Anything I Write For A Title Will Just Get Me Into Trouble

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Yes, outspoken Scottish politician George Galloway is a blowhard with questionable morals at times, a man seemingly in love with the sound of his own voice, and whose business dealings are certainly not beyond reproach.

But sometimes he gets it right on the money, and there’s no denying that among Western politicians, he’s alone in having the guts to rail against the Establishment.

Take this video, for example. It’s his now infamous interview on Britain’s Sky TV, where he points out the uncomfortable truths about the Israel-Hezbollah conflict, specifically that: (a) the conflict is not a few weeks old, it’s decades old; and (b) Rupert Murdoch‘s TV stations don’t want their viewers to realize that. I highly encourage you to view the video.

(I for one will never forget the time John Malkovich issued public death threats against both Galloway and Robert Fisk, exposing Malkovich’s own ironic stupidity, given that his family is made up of reporters whose bread-and-butter is freedom of expression without fear of physical coercion. The incident has affected my ability to enjoy a Malkovich film ever again. Read Fisk’s response to the threat here.)

On another topic…

Many years ago, I went out on a date with a lovely young woman who sheepishly had a confession to make: her parents, it seems, were first cousins. While such a practice raises eyebrows here, in many cultures it’s quite common for cousins to marry. Naturally, one instantly fears for the genetic robustness of the progeny of such unions. But, I am quick to point out, this particular woman was stunningly beautiful and a brilliant lawyer in the employ of the provincial government; so clearly, the genes were doing just fine.

Today comes this story about a 47 year old man entering into a consensual sexual relationship with his 25 year old daughter. The two of them had a baby, which was subsequently abused. Now, ignore for a second the baby abuse charge. Let us, as thinking, moral people concerned for the sanctity of civil rights, consider the appropriateness of the law in this case. Both the man and his wife/daughter are being charged with incest, and there’s no denying that they are guilty of that charge. However, should there even be an incest charge where consenting adults are concerned?

Really now; I’ve always held that whatever a man, a woman, another woman and a monkey choose to do behind closed doors is none of my business, and certainly not the government’s business. (Okay, I’m kidding about the monkey bit; my opinions supporting anti-bestiality laws are on record.) The fact remains: what business is it of ours what adult humans, in an unaltered state of mind, choose to consensually do with each others’ gonads? For the most part, we accept this logic as it applies to which gender we choose to have sex with. Why is the logic not extended to degrees of relation?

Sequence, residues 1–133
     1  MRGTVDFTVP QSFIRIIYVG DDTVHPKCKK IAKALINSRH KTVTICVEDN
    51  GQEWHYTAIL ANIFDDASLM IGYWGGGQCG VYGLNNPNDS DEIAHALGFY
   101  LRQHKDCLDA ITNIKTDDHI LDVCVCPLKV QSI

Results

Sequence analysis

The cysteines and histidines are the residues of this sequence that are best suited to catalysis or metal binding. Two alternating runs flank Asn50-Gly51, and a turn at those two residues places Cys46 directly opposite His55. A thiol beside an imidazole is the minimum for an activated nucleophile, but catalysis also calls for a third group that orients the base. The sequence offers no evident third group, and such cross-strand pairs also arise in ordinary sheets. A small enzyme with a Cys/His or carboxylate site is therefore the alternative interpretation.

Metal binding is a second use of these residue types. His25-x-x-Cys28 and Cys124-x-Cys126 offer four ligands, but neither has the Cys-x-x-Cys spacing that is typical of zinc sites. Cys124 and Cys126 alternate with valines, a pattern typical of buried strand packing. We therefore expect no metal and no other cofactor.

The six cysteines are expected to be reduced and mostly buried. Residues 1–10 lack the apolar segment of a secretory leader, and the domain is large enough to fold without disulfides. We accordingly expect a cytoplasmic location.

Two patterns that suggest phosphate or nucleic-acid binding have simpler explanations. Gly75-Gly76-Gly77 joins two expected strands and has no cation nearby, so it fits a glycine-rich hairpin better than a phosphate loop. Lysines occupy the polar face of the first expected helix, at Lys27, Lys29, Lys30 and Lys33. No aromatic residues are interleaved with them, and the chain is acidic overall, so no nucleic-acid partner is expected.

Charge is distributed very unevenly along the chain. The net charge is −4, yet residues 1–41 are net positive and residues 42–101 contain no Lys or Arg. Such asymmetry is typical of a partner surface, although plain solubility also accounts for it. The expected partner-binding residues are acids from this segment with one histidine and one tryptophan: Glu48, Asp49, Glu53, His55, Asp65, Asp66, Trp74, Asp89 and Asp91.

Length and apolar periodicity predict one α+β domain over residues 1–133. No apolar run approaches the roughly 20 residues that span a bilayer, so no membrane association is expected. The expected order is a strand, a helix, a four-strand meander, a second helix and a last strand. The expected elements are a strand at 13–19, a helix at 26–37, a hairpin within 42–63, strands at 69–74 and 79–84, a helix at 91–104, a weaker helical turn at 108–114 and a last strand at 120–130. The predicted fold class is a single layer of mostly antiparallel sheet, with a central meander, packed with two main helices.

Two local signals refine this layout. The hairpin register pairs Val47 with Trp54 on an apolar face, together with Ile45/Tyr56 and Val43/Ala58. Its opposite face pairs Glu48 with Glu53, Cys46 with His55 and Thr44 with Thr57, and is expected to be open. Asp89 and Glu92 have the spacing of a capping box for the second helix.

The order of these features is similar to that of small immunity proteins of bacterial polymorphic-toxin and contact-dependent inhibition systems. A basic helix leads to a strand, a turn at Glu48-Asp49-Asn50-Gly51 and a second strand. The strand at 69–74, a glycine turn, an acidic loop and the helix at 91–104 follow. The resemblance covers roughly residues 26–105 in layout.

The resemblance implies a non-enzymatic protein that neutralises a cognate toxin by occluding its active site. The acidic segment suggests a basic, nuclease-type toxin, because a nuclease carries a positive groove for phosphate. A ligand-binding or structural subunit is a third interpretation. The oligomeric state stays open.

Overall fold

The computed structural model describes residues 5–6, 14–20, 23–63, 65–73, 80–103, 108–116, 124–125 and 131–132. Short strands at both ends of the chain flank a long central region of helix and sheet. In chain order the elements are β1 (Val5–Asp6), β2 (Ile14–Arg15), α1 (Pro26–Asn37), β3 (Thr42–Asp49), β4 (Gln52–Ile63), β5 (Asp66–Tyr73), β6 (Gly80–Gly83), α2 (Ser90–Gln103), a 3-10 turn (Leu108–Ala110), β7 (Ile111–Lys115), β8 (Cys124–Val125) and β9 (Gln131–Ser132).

One argument for the upholding of adult anti-incest laws is the real threat of genetic malformation of progeny. But consider this: in our society it is unacceptable to, by force of law, prevent genetically compromised individuals from procreating. (People with serious genetic malformations or diseases, for example, are legally and ethically free to have childen, despite the high probability of passing on their defective genes.) Why then is it reasonable to use such genetic reasoning to prevent incestuous procreation?

The answer, of course, is that it’s oogy. Ewwww. I’m with you there. But, honestly, is ooginess sufficient reason to criminalize a thing? Many, many people consider homosexual contact to be aesthetically unpleasant, as well, but we now accept that it is inappropriate to criminalize homosexual behaviour. Indeed, what of incestuous adult homosexual unions? I’m not sure of the rationale for criminalizing these.

Another argument that is sure to arise is one of power imbalance. In the cited case, the father is 22 years older than his daughter. One assumes he wields some authority over her. It could be reasonably argued that, in such a circumstance, the affair would not be consensual. This is a slippery slope argument, however, because it necessarily challenges the validity of every sexual relationship involving an age difference. And it doesn’t address the illegality of adult sibling relationships. And indeed, I perceive an assumption underlying the law, that the fact of adulthood vitiates most power imbalance arguments: either we are all adults with equal power of appeal and control or we are not.

(How sad it is that I must include this paragraph, but such are these times of ignorance and low general intellect: my questions herein are not meant to be supportive of the practice of incest, but are merely an exploration of the relationships between law, morality and civil liberty in our society. Got it?)

What do y’all think? I eagerly await your comments.